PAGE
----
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DEPARTMENT OF STATE, June 10, 1816. SIR: I had the honor to receive your letter of February 22d soon after its date, and to communicate it to the President.

Anxious as this Government has been to terminate all differences with His Catholic Majesty, on conditions of reciprocal advantage, and with equal honor to both parties, it would have been very satisfactory to the President to have found that you had been vested with full power to negotiate and conclude a treaty for these purposes. I have the honor now to state that Mr. Erving, Minister Plenipotentiary of the United States to

His Catholic Majesty, has been instructed on these important subjects, and that, as the views of this Government are just and liberal, a strong hope is entertained that your Government, bringing to the negotiation a similar disposition, will agree to such an arrangement as will be mutually advantageous and satisfactory to both nations.

However agreeable it might be to leave these high concerns in this train, without further discussion here, it is, nevertheless, proper to notice some passages in your letter of February 22d, notwithstanding the clear light in which the subjects to which they relate have been placed in former communications. You intimate, in your late letter of May 30th, a desire to receive a particular answer to that of February 22d; and it is just that you should see that my silence was imputable to the cause only which is above suggested.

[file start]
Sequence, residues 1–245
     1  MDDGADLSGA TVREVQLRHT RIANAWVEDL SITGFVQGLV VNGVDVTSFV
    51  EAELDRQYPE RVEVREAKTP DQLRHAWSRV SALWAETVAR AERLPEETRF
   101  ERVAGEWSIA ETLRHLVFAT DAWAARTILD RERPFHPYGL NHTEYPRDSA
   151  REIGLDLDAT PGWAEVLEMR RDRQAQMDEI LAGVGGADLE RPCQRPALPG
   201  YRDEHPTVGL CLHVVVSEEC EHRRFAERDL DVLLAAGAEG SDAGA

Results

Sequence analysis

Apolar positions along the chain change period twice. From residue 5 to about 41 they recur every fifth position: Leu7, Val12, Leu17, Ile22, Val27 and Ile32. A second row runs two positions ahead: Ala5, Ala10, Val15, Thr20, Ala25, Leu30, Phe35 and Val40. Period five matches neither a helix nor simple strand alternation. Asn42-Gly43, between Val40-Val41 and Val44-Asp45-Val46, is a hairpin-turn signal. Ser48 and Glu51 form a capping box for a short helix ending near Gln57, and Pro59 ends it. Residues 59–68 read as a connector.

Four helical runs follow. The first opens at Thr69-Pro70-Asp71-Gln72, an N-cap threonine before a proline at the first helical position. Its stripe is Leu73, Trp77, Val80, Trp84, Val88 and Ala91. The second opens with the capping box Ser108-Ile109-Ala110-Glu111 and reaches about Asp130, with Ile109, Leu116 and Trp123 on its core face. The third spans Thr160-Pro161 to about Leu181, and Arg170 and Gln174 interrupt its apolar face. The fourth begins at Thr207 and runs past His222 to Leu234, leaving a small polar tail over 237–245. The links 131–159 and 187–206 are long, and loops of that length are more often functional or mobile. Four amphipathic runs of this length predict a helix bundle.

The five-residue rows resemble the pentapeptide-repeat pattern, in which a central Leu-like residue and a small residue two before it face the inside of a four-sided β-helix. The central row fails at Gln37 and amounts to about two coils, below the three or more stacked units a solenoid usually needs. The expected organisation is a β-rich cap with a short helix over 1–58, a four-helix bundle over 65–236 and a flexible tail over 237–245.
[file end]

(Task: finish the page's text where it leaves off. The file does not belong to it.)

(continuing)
You state that, as that portion of Louisiana which lies eastward of the Mississippi and the Iberville, had been ceded by France to Great Britain in 1763, and by Great Britain to Spain in 1783, it could not be comprised in the cession of Spain to France in 1800, nor of the latter to the United States in 1803; and you draw this conclusion from the supposed import of the term "retrocession" used in the two latter treaties; which, you say, applies to that portion only which Spain had received from France. My interpretation of these treaties, taking into view so much thereof as relates to this subject, is very different. As to the term "retrocession," it is evident that it was not the intention of the parties that it should have any effect whatever on the extent of the territory ceded. The import of this term is too vague, and the term itself was used in a manner too casual to admit such an inference, even had there been nothing else in the treaty between Spain and France of 1800, to show that the construction you contend for is altogether inconsistent with the manifest intention of the parties. The import of this term would, in my opinion, be satisfied, if the whole province had passed in the first instance from France to Great Britain, and been conveyed afterwards by Great Britain to Spain, and by Spain back again to France. In regard to France this last conveyance would have been a "retrocession," as, by it, the territory would have been ceded back to her. It was very natural, therefore, that this term should be used, being applicable, in the most limited sense in which it can be taken, to at least nineteen-twentieths of the province, and, in a qualified sense, to the whole.